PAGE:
Adair, Gilbert. The Act of Roger Murgatroyd: An Entertainment. London: Faber, 2007 (2006).
It was, I confess, a sad day in my childhood when I reached the end of the shelf in my local library upon which Agatha Christie's novels were housed. From Curtain: Poirot's Last Case: Hercule Poirot Investigates and the adventures of Tommy and Tuppence (for which I love Christie best) I moved on to Ngaio Marsh, Dorothy Sayers, and P. D. James, all worthy contributors to the mystery genre. Yet aside from James, who still brings out new literary wonders with slow but steady regularity, most of these great authors have passed, leaving behind canons to be enjoyed and finished, and few living detective novelists (again, I exclude James) have managed to replicate such heights of excellence and mystery.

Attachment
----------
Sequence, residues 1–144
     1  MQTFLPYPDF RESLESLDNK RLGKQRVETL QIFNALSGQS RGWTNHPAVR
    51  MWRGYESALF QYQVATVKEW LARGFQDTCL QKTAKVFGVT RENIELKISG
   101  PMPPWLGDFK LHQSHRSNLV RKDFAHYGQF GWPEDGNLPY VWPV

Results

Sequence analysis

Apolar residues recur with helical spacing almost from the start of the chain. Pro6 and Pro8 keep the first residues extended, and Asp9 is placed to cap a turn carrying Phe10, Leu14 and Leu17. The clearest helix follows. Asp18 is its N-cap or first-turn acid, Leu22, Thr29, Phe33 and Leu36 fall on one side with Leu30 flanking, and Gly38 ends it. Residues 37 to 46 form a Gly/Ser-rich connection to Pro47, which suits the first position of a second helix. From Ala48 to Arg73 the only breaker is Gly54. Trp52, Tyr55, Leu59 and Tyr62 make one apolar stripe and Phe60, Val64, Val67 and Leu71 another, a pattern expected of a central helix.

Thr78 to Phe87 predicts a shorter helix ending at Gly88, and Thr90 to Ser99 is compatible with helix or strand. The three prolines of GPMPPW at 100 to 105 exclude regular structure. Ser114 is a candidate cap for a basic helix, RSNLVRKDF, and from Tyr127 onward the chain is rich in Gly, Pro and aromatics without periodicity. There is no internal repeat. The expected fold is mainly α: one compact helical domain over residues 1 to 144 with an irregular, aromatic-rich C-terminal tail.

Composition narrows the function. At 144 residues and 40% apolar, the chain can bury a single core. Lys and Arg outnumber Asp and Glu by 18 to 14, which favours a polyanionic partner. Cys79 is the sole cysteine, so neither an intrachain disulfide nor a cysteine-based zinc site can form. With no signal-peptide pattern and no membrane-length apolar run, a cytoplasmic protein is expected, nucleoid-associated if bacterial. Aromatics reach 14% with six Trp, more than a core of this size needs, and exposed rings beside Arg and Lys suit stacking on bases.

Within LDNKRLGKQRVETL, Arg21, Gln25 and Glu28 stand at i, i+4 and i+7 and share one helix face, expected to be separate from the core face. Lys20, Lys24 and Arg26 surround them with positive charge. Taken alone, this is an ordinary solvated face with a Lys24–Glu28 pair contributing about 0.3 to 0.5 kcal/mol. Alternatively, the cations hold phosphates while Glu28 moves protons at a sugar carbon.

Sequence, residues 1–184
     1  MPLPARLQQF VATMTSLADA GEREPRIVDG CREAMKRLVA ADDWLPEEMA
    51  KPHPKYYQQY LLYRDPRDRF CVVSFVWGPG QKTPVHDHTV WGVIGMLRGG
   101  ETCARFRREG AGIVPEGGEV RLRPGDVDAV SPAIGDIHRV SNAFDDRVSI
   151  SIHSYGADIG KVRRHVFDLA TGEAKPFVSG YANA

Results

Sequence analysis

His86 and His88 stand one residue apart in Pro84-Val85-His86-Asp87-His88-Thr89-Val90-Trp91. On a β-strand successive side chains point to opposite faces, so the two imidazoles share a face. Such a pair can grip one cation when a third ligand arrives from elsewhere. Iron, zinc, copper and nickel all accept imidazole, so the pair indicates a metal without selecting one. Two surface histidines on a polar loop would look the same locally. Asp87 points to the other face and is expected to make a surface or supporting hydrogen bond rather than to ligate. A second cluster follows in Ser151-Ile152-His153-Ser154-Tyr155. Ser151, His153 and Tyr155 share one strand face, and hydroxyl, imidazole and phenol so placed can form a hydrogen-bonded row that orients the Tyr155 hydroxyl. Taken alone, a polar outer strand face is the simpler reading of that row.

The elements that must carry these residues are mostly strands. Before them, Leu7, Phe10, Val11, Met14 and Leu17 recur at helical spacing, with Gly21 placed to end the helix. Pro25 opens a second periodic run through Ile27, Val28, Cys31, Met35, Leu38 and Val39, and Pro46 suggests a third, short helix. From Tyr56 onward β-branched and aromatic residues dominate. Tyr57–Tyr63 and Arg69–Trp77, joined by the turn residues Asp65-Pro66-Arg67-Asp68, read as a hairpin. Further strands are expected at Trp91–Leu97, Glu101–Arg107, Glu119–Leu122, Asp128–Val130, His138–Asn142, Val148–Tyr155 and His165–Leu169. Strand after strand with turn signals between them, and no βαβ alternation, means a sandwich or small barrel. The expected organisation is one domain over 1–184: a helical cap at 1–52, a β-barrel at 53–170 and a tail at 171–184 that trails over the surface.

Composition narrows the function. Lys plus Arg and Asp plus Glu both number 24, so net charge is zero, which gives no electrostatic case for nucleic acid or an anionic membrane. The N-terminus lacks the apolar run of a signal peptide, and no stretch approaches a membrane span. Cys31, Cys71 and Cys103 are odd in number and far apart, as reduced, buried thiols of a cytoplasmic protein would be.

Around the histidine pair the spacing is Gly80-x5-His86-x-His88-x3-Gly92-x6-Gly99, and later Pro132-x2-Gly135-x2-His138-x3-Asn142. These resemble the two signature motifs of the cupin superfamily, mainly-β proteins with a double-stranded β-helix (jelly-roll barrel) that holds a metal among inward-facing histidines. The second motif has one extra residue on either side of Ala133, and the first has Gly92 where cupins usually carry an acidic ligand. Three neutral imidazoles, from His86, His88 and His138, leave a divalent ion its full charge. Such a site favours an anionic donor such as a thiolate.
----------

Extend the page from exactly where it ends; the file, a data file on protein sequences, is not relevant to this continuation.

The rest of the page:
It was with great pleasure, then, that I stumbled across Gilbert Adair's The Act of Roger Murgatroyd in my local library. It was with greater pleasure, a few chapters into Adair's novel, that I discovered how excellently Adair has recreated the mood and elegance of a Christie novel. Shaped slightly in homage to Christie's The Murder of Roger Ackroyd, Roger Murgatroyd offers nearly every feature a Christie fan might have some to expect: vibrant characters, each with a secret to hide, an older (retired) inspector, and some clever and unexpected sleuthing guaranteed to surprise even the most discerning reader with its cleverness. A fine imitation and a fine piece of work on its own merits, The Act of Roger Murgatroyd is a novel I'd be pleased to recommend to any lover of character-driven mysteries, and I'll certainly keep an eye out for further works by Gilbert Adair.